Pension reform approved in France
The French Senate has approved a hotly contested Bill raising the retirement age to 62, hours after riot police forced the reopening of a strategic refinery to help halt growing fuel shortages amid nationwide strikes and protests.
In tense balloting after 140 hours of debate, the Senate voted 177-153 for the pension reform. The measure is expected to win final formal approval by both houses of parliament next week.
President Nicolas Sarkozy's conservative government, keen to get the measure passed and quell increasingly radicalised protests, cut short the debate and voting process using a special procedure. Critics on the left called the use of Article 44-3 of the constitution a denial of democracy.
The tough stance by the government extended to strikes as French riot police forced a strategic refinery to reopen today, aiming to halt growing fuel shortages that have emptied petrol pumps around the country and risked hurting industry.
The refinery at Grandpuits had been a bastion of resistance to Mr Sarkozy's bid to raise the retirement age to 62.
Despite the government's efforts to conquer union resistance, Prime Minister Francois Fillon said it would take several more days to end fuel shortages that are taking a toll on France's economy.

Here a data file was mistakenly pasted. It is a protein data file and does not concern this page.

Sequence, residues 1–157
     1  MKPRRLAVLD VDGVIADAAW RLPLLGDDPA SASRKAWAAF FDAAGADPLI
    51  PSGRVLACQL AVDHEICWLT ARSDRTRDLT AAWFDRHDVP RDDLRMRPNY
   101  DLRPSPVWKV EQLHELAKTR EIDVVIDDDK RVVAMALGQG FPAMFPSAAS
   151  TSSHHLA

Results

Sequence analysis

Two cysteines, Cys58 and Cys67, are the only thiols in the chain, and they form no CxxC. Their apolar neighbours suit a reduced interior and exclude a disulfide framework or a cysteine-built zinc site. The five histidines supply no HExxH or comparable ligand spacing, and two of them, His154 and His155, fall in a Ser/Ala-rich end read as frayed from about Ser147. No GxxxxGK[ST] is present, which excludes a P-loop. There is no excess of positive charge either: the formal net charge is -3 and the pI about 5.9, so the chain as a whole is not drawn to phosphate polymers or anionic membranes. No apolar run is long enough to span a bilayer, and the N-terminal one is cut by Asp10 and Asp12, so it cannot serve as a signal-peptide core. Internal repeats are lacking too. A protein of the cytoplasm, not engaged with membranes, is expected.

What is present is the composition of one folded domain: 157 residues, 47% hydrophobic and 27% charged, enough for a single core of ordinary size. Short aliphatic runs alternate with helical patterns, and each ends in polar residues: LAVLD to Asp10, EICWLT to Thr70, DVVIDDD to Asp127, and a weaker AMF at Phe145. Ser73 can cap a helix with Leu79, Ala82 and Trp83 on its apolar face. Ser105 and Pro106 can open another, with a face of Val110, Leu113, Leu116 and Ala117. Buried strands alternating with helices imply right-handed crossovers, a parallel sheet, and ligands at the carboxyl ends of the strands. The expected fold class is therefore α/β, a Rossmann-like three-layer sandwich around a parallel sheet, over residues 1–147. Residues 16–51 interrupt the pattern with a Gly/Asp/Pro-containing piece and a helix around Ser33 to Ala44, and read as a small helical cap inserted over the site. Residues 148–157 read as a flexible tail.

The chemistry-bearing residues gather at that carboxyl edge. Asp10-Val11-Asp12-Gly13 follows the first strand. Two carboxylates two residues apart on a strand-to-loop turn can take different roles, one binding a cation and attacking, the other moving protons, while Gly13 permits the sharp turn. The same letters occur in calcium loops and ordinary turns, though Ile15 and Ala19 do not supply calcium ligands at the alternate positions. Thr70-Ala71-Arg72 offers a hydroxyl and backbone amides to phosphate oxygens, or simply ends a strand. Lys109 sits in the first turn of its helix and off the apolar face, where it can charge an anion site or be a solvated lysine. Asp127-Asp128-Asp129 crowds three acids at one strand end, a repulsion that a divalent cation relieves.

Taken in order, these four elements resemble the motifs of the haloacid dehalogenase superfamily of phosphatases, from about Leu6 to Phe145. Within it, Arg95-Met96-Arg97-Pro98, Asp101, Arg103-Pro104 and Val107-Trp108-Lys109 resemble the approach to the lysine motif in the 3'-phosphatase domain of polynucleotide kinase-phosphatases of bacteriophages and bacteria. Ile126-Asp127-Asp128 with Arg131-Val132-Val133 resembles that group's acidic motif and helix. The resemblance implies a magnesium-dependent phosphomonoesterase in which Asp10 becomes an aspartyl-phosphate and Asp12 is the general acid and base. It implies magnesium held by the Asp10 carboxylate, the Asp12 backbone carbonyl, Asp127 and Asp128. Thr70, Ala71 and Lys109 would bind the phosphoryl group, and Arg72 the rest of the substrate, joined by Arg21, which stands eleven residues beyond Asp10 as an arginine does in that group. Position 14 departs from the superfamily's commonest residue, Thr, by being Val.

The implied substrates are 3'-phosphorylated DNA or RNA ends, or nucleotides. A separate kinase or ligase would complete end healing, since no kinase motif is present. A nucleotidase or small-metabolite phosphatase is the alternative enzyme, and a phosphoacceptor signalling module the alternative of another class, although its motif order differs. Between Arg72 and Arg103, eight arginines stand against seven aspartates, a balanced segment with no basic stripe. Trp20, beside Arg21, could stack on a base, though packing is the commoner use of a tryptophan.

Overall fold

The Senate debate lasted three weeks before it was short-circuited. Legislators - mostly opposition Socialists - submitted a staggering 1,237 amendments, but Mr Sarkozy's conservative UMP party and its allies have a majority and dismissed nearly all of them.
The text now goes to a committee of seven senators and lower house lawmakers on Monday who will try to reach agreement on differences before returning the Bill to both houses for a final vote sometime next week.
Mr Sarkozy says overhauling the money-losing pension system is vital to ensuring that future generations receive any pensions at all. It is a choice many European governments are facing as populations live longer and government debts soar.
But French unions say retirement at 60 is a hard-earned right, and claim the working class will be unfairly punished by the pension reform. They also fear this is just the first step in dismantling an entire network of benefits that make France an enviable place to work and live.